Deal closes for GE Intelligent Platforms; company steps out officially as Abaco Systems
HUNTSVILLE, Ala., 8 Dec. 2015. Executives of Abaco Systems in Huntsville, Ala., announced Monday they have separated officially from the General Electric Co. and begin operations as an independent embedded computing company reporting to owner Veritas Capital in New York.
Abaco, formerly GE Intelligent Platforms, specializes in sophisticated open-architecture electronic systems for aerospace, defense, and industrial applications. Veritas Capital announced its acquisition of GE Intelligent Platforms last September.
"This is a momentous day for Abaco Systems," says Abaco President and CEO Bernie Anger. "Today, we start the next stage in our company's future -- pursuing a strategy focused on satisfying the needs of customers looking for high-performance embedded technology and systems that can withstand the harshest of conditions."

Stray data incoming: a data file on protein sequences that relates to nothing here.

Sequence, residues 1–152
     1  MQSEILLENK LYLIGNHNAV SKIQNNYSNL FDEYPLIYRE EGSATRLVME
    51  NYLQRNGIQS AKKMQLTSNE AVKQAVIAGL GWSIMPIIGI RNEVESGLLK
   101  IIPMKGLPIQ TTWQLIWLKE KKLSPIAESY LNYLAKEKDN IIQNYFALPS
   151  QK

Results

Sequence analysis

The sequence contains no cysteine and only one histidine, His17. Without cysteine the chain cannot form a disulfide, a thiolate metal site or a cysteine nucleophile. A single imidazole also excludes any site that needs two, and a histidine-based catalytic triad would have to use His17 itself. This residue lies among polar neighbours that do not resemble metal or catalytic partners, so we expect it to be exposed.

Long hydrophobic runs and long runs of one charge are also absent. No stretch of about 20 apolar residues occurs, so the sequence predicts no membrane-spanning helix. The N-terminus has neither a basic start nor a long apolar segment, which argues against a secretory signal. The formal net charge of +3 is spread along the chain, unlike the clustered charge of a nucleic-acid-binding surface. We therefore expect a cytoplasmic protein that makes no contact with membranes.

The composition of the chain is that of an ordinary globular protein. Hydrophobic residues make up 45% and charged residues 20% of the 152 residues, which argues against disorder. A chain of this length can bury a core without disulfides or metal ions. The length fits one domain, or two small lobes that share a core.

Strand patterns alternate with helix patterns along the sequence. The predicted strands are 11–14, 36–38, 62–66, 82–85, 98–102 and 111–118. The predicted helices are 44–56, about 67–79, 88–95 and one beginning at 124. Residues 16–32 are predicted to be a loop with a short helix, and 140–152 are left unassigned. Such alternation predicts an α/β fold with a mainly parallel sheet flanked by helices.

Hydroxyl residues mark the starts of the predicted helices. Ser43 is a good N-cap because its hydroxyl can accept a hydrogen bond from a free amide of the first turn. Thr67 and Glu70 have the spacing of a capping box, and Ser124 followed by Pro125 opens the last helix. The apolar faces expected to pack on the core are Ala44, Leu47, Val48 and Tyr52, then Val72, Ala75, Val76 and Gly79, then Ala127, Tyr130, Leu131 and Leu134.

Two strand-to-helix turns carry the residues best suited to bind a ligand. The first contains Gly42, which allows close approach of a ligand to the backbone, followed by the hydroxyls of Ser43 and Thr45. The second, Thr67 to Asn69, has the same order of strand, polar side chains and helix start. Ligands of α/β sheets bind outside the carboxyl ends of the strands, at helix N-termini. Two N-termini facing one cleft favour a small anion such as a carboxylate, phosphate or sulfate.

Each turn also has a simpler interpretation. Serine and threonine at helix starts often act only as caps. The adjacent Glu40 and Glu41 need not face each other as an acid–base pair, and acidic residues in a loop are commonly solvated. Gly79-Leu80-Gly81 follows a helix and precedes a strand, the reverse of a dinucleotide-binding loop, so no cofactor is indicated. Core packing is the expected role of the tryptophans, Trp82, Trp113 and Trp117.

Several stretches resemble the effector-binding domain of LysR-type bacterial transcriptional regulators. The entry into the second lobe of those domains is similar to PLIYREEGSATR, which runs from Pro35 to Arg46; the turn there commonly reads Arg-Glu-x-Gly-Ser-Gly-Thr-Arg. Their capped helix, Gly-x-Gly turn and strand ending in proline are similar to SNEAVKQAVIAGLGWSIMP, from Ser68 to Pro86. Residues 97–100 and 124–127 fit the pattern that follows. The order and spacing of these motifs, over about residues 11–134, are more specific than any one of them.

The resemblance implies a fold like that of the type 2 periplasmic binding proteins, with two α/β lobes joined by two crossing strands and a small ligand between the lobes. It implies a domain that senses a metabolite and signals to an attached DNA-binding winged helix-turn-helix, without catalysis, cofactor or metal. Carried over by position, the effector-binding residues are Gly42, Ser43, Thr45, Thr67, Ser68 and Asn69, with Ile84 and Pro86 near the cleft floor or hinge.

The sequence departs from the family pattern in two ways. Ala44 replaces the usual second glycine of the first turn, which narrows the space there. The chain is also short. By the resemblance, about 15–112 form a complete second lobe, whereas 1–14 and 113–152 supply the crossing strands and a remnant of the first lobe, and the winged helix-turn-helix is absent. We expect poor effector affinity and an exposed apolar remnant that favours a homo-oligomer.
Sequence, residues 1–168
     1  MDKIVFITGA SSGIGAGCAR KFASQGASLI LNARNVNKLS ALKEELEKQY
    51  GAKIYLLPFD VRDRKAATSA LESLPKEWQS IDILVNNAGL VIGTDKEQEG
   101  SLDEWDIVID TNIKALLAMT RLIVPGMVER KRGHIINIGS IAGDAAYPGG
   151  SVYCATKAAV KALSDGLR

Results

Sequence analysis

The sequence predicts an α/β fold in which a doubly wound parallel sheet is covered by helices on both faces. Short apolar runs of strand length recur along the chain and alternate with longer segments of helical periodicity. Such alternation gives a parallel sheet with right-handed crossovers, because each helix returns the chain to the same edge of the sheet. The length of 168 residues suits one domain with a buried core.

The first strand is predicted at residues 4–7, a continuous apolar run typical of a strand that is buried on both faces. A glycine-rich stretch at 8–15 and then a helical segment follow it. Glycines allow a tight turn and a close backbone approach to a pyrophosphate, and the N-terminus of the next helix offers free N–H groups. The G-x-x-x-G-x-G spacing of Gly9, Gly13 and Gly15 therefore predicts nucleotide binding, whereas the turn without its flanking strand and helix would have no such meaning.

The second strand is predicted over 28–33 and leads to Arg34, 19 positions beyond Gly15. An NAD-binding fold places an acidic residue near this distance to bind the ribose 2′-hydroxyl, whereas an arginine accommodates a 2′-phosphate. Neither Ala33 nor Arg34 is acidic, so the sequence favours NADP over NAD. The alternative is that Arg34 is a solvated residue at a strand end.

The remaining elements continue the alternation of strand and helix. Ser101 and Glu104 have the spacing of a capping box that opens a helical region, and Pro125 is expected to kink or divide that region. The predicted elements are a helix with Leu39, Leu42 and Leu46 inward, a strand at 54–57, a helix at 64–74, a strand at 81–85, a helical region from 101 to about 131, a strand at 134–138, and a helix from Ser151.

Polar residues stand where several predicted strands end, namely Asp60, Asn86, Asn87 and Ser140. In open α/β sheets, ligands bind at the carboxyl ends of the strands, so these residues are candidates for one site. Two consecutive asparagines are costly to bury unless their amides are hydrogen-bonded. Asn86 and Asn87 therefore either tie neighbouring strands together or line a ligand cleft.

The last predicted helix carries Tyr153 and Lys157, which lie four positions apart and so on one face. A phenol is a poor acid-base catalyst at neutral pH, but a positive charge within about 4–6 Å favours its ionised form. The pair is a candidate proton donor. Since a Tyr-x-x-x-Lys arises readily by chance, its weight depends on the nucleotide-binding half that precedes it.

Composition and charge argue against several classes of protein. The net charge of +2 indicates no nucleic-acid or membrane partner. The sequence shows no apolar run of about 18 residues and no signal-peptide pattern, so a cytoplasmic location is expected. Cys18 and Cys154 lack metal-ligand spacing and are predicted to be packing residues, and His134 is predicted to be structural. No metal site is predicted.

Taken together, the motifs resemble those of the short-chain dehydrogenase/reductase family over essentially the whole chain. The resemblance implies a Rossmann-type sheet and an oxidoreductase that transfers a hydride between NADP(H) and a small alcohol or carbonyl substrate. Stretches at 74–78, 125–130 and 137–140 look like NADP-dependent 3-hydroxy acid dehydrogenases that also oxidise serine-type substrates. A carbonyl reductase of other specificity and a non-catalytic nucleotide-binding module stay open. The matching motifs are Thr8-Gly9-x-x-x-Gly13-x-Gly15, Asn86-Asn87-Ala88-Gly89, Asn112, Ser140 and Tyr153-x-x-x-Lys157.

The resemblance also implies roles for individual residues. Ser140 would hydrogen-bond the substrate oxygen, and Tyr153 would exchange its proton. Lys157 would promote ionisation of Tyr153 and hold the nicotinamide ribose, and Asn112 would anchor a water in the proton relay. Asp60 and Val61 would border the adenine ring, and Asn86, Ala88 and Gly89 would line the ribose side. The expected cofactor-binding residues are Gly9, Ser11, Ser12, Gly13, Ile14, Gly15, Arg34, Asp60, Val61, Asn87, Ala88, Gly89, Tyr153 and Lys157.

Abaco will continue building on the embedded computing reputation built under the GE Intelligent Platforms banner, and before that of Radstone Technology PLC, SBS Technologies, VMIC, and RAMiX.
"We see real opportunity to take our extensive experience, mission-critical technology, and the repeatable business processes we have developed to continue building a business that combines a commitment to technical innovation with extreme focus on customer service, Anger says. "The good news for our customers is that, from day one, it is business as usual."
Customers have been notified of the change in ownership and have welcomed the news of the new Abaco Systems. Feedback from customers has been positive, Abaco officials say.
"We're looking forward to the continued relationship and working with Abaco as we progress forward on new projects," says Rance Myers, director of engineering at Honeywell Aerospace.
Mark Gaertner, manager of bomber programs at Northrop Grumman Corp. says the Veritas leadership of Abaco Systems is good for Northrop Grumman and good for the U.S. Air Force. "e need stability in our products and suppliers for programs that stretch out over the next 25-plus years," Gaertner says.